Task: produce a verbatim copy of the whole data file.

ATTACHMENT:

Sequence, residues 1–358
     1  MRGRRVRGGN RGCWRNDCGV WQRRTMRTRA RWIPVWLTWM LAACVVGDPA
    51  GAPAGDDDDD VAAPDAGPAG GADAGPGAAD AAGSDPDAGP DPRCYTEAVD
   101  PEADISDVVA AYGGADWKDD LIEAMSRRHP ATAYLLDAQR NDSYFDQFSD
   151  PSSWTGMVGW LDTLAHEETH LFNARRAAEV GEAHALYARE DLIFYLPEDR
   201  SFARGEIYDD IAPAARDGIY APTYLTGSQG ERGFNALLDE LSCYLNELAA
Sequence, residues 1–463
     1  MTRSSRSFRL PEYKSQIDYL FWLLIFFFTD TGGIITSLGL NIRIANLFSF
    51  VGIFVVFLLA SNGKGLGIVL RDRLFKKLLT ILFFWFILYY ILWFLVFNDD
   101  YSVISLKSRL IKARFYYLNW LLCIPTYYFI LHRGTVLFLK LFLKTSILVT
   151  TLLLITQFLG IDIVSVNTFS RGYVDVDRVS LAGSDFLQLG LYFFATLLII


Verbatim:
Sequence, residues 1–358
     1  MRGRRVRGGN RGCWRNDCGV WQRRTMRTRA RWIPVWLTWM LAACVVGDPA
    51  GAPAGDDDDD VAAPDAGPAG GADAGPGAAD AAGSDPDAGP DPRCYTEAVD
   101  PEADISDVVA AYGGADWKDD LIEAMSRRHP ATAYLLDAQR NDSYFDQFSD
   151  PSSWTGMVGW LDTLAHEETH LFNARRAAEV GEAHALYARE DLIFYLPEDR
   201  SFARGEIYDD IAPAARDGIY APTYLTGSQG ERGFNALLDE LSCYLNELAA
Sequence, residues 1–463
     1  MTRSSRSFRL PEYKSQIDYL FWLLIFFFTD TGGIITSLGL NIRIANLFSF
    51  VGIFVVFLLA SNGKGLGIVL RDRLFKKLLT ILFFWFILYY ILWFLVFNDD
   101  YSVISLKSRL IKARFYYLNW LLCIPTYYFI LHRGTVLFLK LFLKTSILVT
   151  TLLLITQFLG IDIVSVNTFS RGYVDVDRVS LAGSDFLQLG LYFFATLLII